Quiz: Introduction To Economics Questions!

8 Questions | Total Attempts: 337

SettingsSettingsSettings
Please wait...
Economics Quizzes & Trivia

It doesn’t matter what topic you’re dealing with, whether it’s something you have a great interest in or something you find boring but thinks will come in handy, everybody starts in the same place when they take on a brand-new subject – chapter one! In the following quiz, we’ll be doing just that as we take a look at some chapter one questions with regards to the study of economics!


Questions and Answers
  • 1. 
    Scarcity implies that the allocation scheme chosen by society can:
    • A. 

      Not make more of any one good

    • B. 

      Always make more of any good

    • C. 

      Typically make more of a good but at the expense of making less of another

    • D. 

      Always make more of all goods simultaneously

  • 2. 
    A production possibilities frontier is a simple model of:
    • A. 

      Scarcity and allocation

    • B. 

      Prices and output

    • C. 

      Production and costs

    • D. 

      Inputs and outputs

  • 3. 
    The underlying reason that there are unattainable points on a production possibilities frontier diagram is that there:
    • A. 

      Is government

    • B. 

      Are always choices that have to be made

    • C. 

      Is a scarcity of resources within a fixed level of technology

    • D. 

      Is unemployment of resources

  • 4. 
    The underlying reason production possibilities frontiers are likely  to be bowed out (rather that linear) is:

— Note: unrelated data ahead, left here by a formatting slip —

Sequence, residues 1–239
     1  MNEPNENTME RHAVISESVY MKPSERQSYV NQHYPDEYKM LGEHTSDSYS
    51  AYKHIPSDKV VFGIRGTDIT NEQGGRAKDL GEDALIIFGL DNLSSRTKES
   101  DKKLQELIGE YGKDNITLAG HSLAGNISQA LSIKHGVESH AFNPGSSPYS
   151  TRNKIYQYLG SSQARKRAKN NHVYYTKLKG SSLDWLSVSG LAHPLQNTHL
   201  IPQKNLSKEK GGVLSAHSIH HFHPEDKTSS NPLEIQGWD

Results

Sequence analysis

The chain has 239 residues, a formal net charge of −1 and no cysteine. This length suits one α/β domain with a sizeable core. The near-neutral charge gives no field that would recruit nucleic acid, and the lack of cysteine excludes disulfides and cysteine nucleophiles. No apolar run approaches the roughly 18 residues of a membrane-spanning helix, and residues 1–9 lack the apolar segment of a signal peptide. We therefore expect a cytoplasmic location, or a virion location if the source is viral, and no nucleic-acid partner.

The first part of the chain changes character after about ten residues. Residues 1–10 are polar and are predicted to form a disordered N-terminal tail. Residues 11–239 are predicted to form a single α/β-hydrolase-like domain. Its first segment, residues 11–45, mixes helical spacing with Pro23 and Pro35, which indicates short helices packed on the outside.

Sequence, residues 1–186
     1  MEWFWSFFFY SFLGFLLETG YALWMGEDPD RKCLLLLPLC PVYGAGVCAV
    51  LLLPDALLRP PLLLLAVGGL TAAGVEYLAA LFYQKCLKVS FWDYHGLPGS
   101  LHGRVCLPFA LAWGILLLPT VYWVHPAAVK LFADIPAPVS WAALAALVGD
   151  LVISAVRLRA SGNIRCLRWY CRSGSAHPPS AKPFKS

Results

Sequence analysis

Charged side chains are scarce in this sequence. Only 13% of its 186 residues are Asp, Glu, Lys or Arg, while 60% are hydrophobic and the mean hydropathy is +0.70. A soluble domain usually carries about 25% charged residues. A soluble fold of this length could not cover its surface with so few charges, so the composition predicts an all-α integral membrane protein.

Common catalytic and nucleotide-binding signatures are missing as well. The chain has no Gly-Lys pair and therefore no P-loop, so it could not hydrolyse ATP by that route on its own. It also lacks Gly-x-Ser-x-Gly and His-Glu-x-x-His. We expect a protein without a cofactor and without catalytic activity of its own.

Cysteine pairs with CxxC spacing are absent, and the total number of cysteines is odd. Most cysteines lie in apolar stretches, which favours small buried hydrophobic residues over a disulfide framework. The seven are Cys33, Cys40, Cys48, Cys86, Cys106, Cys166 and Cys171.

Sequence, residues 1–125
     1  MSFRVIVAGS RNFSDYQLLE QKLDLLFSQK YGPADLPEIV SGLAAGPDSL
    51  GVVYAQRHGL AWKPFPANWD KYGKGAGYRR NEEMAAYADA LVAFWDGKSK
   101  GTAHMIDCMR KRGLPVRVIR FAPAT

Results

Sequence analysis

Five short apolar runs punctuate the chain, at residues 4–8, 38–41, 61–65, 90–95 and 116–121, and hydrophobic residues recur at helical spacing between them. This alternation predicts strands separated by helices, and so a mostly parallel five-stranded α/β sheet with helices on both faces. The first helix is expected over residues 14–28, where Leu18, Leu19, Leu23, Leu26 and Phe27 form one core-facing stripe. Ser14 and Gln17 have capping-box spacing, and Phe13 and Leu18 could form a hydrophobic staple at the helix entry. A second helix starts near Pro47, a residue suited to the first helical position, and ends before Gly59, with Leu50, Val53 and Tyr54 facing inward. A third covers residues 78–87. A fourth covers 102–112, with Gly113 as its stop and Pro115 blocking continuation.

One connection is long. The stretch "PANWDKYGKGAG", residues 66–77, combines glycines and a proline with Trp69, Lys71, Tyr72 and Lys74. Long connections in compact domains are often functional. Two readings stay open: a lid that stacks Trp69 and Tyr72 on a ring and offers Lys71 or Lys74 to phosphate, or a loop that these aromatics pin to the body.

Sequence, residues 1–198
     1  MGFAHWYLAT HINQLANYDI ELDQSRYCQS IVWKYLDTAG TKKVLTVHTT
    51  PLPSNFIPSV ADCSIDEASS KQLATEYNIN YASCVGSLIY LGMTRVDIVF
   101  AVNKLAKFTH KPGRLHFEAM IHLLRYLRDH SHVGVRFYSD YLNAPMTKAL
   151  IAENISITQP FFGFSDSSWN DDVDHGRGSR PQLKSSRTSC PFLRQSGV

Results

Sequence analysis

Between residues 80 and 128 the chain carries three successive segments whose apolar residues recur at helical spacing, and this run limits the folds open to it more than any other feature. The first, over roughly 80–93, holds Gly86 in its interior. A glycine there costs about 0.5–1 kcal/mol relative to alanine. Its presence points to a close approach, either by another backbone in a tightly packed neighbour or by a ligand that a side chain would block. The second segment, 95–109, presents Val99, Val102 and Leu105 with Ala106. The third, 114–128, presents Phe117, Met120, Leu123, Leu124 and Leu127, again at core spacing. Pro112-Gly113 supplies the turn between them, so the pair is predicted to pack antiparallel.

• A. 

      Choices have consequences

    • B. 

      There are always opportunity costs

    • C. 

      Some resources and people can be better used producing one good rather than another

    • D. 

      There is always some level of unemployment

  • 5. 
    The optimization assumption suggests that people make:
    • A. 

      Irrational decisions

    • B. 

      Unpredictable decisions

    • C. 

      Decisions to make themselves as well off as possible

    • D. 

      Decisions without thinking very hard

  • 6. 
    Imagine an economist ordering pizza by the slice. WHen deciding how many slices to oder she would pick that number where the enjoyable of the ___equals the enjoyment she could get from using the money on another good.
    • A. 

      First slice

    • B. 

      Last slice

    • C. 

      Average slice

    • D. 

      Total number of slices

  • 7. 
    Of course, all individual students are better off if they get better grades. If you were to conclude that all students would be better off if everyone received a "A" you would:
    • A. 

      Have fallen victim to the fallacy of scarcity

    • B. 

      Be right

    • C. 

      Have fallen victim to the fallacy of composition

    • D. 

      Be mistaking correlation with causation

  • 8. 
    If you were to conclude, after carefully examining data and using proper evaluation techniques, that a tax credit for attending college benefits the poor more than a tax deduction (of equal total cost to the government) would, you would have engaged in ___ analysis to reach that conclusion. 
    • A. 

      Negative

    • B. 

      Positive

    • C. 

      Normative

    • D. 

      Creative